Love, Passion, Ecstasy, and the Ordinary
Love as Constancy
“Let me not to the marriage of true minds/Admit impediments,” says the bard.
So, my friends, are we to believe about “true” love that it is constant, as the poet would have us believe? Or, if you are a cynic, relentlessly constant?
We are consistently reminded in this famous Shakespearean sonnet that love does not change; “it is the ever fixéd mark/That looks on tempests and is never shaken.” It is the stable “star” in the heavens, the guide to every lost ship (“wandering bark”).
Shakespeare, of course, was not up on his physics. We are now being told that the universe is accelerating at break-neck speed. Our solar system is part of that movement. What keeps it from exploding apart is gravity.
So, if everything in our universe is moving forward, then even that guiding “star” simile is illusory. I leave it to modern poets to find some other metaphor to express ideal love’s constancy.
But I digress.
It doesn’t take a rocket scientist to know that time can do a job on our physical appearance, which can add lines and sags to those once “rosy lips and cheeks.” But true love is timeless, according to the poet, in spite of those protruding hips and plump stomachs we are all “prey to,” the “slings and arrows” of our degrading bodies, to use the language of Hamlet.
Caritas, Agape, and Human Passion
St Paul gives “love” (caritas in the ancient Latin translations) a gold star, trumping even faith and hope. Part of that Christian ideal is the ancient golden rule to love others as we would be loved.
Ancient Christian writers, however, always gave agape, the love between humans and God, a much higher status on the totem pole of affections. That probably was one of the reasons many a young man and woman joined a monastery or a convent in the Middle Ages in order to experience that higher calling (although many joined as a family obligation or as a way to escape the throes of marriage; there are also some narratives of women going into the convent after the death of a husband or a failed relationship)
On the more human side, one of the narrators in an e e cummings poem tells us that she cannot touch the person she loves because they “are too near.”
Passion is just too fragile for this person to engage in physical contact. If we’ve ever been weak-kneed in front of some beautiful force of nature in Central Park or in a store, we know what that’s all about—the rational fear of taking in too much passion that could devour us, annihilate our identity, make us write bad checks.
Herman Hesse, in his poem, “Spring,” alludes to the same passion but modifies the attraction into tenderness: “you entice me tenderly/all my limbs tremble at/your blessed presence.”
Nevertheless, both poets give us a glimpse into being overwhelmed by love’s passion, the same kind of attraction that Gatsby felt for Daisy in F Scott Fitzgerald’s classic novel, The Great Gatsby. Or the passion that eventually turns into the “green-eyed monster” of jealousy in Shakespeare’s Othello.
The difference between the narrator in the cummings poem and Gatsby and Othello is that the one is too overwhelmed to even try to pursue the relationship while the other two are seduced into their own fatal attractions. A more refined view of, of course, is that Daisy played Gatsby while Desdemona was the innocent victim of her husband’s tragic jealousy.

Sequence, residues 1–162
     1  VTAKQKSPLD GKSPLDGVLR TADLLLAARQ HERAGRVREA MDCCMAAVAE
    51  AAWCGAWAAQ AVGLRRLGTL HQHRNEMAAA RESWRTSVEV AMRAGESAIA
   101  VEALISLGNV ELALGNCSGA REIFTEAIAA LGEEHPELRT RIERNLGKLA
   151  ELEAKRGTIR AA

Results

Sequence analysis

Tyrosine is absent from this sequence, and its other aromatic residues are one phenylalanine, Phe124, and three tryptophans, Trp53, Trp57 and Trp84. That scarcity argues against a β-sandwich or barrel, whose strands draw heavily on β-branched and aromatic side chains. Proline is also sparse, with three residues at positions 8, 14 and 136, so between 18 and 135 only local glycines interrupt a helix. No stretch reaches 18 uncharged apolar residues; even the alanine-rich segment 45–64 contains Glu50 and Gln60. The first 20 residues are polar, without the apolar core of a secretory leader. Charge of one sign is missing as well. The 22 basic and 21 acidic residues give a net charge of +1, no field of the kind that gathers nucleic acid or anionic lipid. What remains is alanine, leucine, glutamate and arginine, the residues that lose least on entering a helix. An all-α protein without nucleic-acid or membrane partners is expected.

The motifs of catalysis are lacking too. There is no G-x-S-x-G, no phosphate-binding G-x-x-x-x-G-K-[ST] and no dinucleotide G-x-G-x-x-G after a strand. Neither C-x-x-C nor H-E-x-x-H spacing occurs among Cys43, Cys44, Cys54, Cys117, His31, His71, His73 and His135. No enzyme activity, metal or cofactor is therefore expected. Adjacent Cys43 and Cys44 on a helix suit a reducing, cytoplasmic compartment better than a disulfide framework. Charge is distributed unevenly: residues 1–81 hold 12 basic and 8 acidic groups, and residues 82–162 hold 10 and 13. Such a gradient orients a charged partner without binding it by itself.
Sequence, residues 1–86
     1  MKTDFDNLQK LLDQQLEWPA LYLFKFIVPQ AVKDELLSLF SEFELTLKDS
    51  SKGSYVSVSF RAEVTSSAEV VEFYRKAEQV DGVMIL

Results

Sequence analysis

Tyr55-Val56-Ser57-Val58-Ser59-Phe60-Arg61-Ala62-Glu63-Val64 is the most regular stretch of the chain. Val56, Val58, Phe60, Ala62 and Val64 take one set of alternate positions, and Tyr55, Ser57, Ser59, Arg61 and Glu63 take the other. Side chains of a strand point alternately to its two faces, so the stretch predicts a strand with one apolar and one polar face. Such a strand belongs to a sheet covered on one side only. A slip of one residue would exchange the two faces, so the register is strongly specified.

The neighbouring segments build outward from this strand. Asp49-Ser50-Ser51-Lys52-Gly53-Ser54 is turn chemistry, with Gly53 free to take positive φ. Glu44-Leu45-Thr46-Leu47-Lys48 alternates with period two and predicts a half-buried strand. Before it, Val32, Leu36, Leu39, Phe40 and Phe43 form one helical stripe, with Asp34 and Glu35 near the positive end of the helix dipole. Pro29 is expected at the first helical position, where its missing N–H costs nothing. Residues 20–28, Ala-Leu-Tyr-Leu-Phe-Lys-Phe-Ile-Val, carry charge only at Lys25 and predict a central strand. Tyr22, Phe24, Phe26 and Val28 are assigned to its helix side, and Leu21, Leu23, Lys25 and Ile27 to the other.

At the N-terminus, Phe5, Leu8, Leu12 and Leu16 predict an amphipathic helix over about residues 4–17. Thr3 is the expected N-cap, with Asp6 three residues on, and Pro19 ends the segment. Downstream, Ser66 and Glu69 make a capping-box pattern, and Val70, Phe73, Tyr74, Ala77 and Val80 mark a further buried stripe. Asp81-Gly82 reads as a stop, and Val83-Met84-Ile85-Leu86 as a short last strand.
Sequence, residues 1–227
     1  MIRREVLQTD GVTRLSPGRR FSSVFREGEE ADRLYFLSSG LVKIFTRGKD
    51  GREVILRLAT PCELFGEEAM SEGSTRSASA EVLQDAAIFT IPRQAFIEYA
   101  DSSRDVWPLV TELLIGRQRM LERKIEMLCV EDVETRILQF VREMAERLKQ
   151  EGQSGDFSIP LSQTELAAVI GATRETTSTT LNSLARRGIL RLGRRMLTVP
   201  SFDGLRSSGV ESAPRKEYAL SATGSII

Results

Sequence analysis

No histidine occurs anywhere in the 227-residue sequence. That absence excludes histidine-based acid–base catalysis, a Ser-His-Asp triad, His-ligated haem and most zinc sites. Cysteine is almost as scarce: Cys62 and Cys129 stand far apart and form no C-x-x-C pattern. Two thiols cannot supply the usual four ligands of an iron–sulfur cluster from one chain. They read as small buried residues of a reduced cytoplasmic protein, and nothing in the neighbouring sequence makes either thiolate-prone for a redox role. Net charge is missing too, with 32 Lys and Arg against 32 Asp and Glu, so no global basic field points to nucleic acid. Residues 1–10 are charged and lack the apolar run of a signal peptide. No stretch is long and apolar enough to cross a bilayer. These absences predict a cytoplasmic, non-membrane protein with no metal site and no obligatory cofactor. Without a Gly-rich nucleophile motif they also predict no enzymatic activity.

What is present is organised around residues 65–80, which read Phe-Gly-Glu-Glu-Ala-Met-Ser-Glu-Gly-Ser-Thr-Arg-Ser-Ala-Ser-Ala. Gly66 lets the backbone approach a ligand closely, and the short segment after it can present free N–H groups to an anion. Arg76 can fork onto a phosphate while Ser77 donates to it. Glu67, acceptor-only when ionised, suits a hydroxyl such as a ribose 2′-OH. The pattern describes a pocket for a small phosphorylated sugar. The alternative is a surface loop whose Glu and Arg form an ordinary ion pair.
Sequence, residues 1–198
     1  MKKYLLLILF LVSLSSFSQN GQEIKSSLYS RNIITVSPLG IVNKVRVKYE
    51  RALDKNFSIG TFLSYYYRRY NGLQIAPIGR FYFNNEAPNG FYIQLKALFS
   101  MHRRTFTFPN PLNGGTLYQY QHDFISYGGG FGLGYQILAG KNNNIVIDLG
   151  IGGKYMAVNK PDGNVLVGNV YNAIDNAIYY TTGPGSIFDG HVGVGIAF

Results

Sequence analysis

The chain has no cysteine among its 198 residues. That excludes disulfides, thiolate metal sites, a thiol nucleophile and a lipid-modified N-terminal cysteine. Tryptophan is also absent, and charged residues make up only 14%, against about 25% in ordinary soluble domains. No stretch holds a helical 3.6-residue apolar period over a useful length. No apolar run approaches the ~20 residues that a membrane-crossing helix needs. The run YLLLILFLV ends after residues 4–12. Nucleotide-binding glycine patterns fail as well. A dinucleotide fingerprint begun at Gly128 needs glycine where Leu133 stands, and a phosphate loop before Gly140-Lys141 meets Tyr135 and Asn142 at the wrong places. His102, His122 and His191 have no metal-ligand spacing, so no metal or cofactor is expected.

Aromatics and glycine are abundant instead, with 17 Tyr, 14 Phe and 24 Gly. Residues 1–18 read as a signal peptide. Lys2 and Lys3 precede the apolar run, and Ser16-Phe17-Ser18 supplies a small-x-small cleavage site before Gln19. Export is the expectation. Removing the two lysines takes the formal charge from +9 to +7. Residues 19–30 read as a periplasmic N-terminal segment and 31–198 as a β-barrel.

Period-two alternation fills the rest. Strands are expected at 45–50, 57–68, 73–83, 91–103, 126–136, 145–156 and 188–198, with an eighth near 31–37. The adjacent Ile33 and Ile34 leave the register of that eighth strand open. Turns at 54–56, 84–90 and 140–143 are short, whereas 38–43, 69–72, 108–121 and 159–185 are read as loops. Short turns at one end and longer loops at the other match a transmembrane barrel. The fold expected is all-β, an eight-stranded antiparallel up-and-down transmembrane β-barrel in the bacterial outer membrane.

Herman Hesse’s narrator appears to have a sweeter affection but still trembles at his lovers “fragrance” and “finery.”
Transcendent Love and Evanescence
Wagner’s Isolde in her final aria, the Liebestod, speaks longingly of her dead lover, Tristan. Love becomes here a transcendent moment when she aspirationally hears the “melody” of Tristan’s “sweet fragrance” invading her. She asks, with otherworldly conviction, whether she will be engulfed, drowned, even unconscious as she fuses her lover’s breath with the billowing “World Breath.”
The soaring music parallels her expansive sense of the sublime in this ecstatic moment of oneness with her lover and the universe, the “sublime delight,” she says.
Isolde reveals here the almost wordless sense of the transformational power of love to lift her beyond the capacity of many humans to internalize, even though audiences find themselves transported into the realm of identifying with that transcendence
She is, in this moment, raised beyond all human invention, suggesting for all of us the transcendent power of love to lift us even beyond our own mortality.
The famous Japanese ukiyo-e tradition tells us, in its wood-block prints, that beauty exists in the “floating world” of evanescence. Beauty, in the form of sensual geishas and courtesans, is portrayed in its ravishing immediacy. To love these women is to immerse oneself in the fatalistic reality that they cannot be possessed; they are to be enjoyed, in the moment. Beyond that would require of them to descend into ordinariness.
Ukiyo-e beauties are meant to be ludic lovers, playful, enticing, captivating. But they are love sprinters; they are not in it for the long haul.
Love as a literary or ancient-text motif, in many ways, reifies our own fantasies about how we imagine ideal love should be. Some would certainly love the grand passion, the seduction, the erotic intensity.
Love as Settling Down to the Ordinary
From my experience, however, I believe most couples eventually stop hoping for one more moment of erotic ecstasy, if there ever was one. In the end, we settle for the ordinariness of what we know to expect, a kind of settling in to the gentle inevitability of the known.